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Lathyrus - Growing Guide
Caring for Lathyrus
We stock two very different types and species of Lathyrus. One is a spring flowering herbaceous perennial (L. vernus) and the other is a summer flowering herbaceous perennial climber with winged stems which can readily be self-clinging with its tendrils onto an adjacent wall support (L. latifolius). The thing which lumps these two plants together into the genus Lathyrus is their ‘sweet pea’ or ‘pea’ flowers.
Most ‘sweet peas’ that are so popular in gardens are annuals. These two differing species are not.
L. vernus is a dense, clump forming herbaceous perennial with ‘unwinged’ (ie unable to cling to anything nearby) upright stems which grows about 10-20in tall with a similar spread. Its common name is ‘spring vetchling’ which gives the game away! In spring it produces racemes of one sided (ie unlike ‘sweet peas’) racemes of attractive purplish-blue flowers that fade to greenish-blue before they drop. It is an interesting and rather different form of perennial sweet pea.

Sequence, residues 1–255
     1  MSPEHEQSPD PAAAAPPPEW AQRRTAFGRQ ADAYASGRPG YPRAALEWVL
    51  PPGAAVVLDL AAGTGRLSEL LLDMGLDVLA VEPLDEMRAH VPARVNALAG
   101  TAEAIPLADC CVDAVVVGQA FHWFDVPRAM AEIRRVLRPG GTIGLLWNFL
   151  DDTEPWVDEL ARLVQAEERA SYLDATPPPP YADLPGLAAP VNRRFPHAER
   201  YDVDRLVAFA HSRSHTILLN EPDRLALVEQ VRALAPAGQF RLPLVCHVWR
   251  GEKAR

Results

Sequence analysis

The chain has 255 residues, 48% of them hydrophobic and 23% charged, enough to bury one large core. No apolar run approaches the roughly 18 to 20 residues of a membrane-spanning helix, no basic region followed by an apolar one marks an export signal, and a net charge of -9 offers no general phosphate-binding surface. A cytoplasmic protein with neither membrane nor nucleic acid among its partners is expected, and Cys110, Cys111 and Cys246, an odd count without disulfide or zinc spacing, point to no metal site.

L. latifolius (which we offer in three different colours in three named varieties) is a totally different ‘animal’! The pink flowering form (L. latifolius ‘Pink Pearl’) is the most common of these garden climbers. On the road to the King Harry Ferry there is an early signpost which is always adorned with this climbing sweet pea in mid to late summer. L. latifolius is commonly known as the ‘everlasting pea’ or the ‘perennial pea’. Like all annual ‘sweet peas’ L. latifolius is a vigorous climber which can readily reach a height of 6-8ft. In a very mild winter it may not die down completely, but it generally will, and reshoot vigorously each year from the base. It has racemes of six to eleven pink or purplish flowers from summer and, on and on, to the first frosts (or a Cornish autumn with none!).
L. latifolius is a tremendous garden plant. There are other perennial and semi climbing species which Burncoose would very much like to stock in the future.